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I have often wondered to myself when things are particularly bad about the amount of mental effort I put into thinking about and planning death, and why it is that I can’t just redirect all of that energy into more constructive solutions to living, and the best answer I can up with is this: you only have to die once. To plan death is a to plan a single event, one which will solve everything forever, and while you are doing that you can blank out everything else – whereas living requires putting that same effort into staying alive. Every. Single. Day. Over and and over again. It’s exhausting, and sometimes it’s almost impossible to hold onto the belief that it will be worth it. At those times forcing yourself to believe or to trying to weigh the balance of your life is more than you can manage, all you can do is simply commit to living one more day. And then another. You are taking that hard road, the one that involves choosing to stay alive day after day and waiting for it all to go wrong despite your best efforts. But I have seen you speak about days that are not so bad, and even good, and I hope you will hold out for having more of those days in your life.
I admire you so much for taking risks and moving in a new direction despite all of the pain. ❤
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Thanks DV I needed to hear that. You explain it well, and I too have that experience of planning death bringing a sense of relief. It allows me to totally avoid confronting the things that scare me. That’s why it’s so hard to move on from that kind of thinking. Part of me wants to, but another part needs it. I am touched by you saying you admire me. Thank you x
I seriously do admire what you are doing with the houseboat 🙂 I’ve been putting off having some repair work done on my house for several years now because it will mean moving myself and my furniture out for a few weeks and I just can’t face the upheaval and being out of my familiar routine even for that short length of time.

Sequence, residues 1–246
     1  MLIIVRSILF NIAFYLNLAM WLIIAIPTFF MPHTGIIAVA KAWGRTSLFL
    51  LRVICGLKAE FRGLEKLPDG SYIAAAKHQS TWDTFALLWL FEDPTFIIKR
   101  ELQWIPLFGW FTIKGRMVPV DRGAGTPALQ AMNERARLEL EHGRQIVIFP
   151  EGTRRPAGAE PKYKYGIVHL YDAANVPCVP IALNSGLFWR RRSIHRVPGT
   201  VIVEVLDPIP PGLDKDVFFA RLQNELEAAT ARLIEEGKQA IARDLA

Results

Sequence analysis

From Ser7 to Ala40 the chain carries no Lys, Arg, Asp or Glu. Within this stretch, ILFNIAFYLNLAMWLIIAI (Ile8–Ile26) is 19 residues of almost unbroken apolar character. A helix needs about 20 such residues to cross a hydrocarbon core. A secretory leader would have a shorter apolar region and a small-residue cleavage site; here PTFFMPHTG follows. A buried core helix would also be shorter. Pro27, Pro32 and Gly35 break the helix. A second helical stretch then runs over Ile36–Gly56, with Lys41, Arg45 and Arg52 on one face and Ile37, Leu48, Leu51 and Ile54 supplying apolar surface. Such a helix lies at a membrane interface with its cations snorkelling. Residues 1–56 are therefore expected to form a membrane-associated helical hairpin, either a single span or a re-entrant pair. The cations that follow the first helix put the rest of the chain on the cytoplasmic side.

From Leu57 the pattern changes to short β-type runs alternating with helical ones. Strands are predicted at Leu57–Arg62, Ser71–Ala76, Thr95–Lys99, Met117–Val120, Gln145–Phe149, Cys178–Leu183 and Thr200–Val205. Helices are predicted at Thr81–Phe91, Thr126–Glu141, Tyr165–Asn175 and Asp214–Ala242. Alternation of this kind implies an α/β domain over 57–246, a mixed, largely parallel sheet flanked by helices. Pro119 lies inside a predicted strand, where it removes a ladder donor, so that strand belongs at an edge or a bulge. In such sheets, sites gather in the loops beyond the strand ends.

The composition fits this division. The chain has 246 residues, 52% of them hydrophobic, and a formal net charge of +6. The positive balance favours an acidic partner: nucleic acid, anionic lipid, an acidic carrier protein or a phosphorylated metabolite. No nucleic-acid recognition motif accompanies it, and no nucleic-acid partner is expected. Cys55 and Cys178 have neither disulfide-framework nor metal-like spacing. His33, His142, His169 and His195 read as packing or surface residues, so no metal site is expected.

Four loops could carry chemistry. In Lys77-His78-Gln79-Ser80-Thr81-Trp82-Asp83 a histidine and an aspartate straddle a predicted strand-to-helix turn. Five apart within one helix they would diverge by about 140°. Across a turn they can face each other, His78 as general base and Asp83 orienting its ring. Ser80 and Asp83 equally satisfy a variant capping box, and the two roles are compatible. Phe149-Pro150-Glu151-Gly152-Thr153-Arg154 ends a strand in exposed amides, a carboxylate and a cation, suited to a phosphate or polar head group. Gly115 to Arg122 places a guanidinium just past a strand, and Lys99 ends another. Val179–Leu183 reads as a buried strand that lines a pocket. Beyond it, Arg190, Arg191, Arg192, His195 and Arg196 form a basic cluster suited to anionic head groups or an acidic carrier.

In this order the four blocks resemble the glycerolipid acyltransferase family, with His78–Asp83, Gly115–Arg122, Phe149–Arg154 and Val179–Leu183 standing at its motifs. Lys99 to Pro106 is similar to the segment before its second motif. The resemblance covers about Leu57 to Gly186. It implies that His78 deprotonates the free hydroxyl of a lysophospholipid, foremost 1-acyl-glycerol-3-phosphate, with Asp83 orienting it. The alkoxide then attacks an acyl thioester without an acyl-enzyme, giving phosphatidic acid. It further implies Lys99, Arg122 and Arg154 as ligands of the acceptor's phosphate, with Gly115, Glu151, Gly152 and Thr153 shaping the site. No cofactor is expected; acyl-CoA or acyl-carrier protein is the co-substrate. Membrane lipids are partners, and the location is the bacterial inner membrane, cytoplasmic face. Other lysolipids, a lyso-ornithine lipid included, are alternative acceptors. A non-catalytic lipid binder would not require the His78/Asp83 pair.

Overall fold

It is a strange and cruel thing, that when we decide we are going to try to get better, it can seem to hurt more. We have to open up all that painful stuff that has been killing us indirectly, and for a while it stabs us so directly, so intensely, and it seems unbearable. It’s hard to keep the faith that it’s going to be worth going through all of that. I really feel for you; it’s so hard. It won’t last forever, you know that, but it’s hard to believe that when you are in the middle of it. The best you can do is take very, very good care of yourself. Let your friends and family love you up. Make time for things that can lift your spirit, if only briefly. Have compassion for your brave self, the beautiful self that wants to love. I admire you for the hard road you are choosing–may it lead you to a better, peaceful place. xxoo, Q.
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It is cruel isn’t it? I know you get how tough it is. It’s so difficult to even find the will to take care of myself on the bad days – and that’s when I need it the most. I’m managing a little more of it in between, so maybe that will naturally become habit forming. It’s difficult to believe in any of it a lot of the time. Thanks for your encouragement and kindness xxx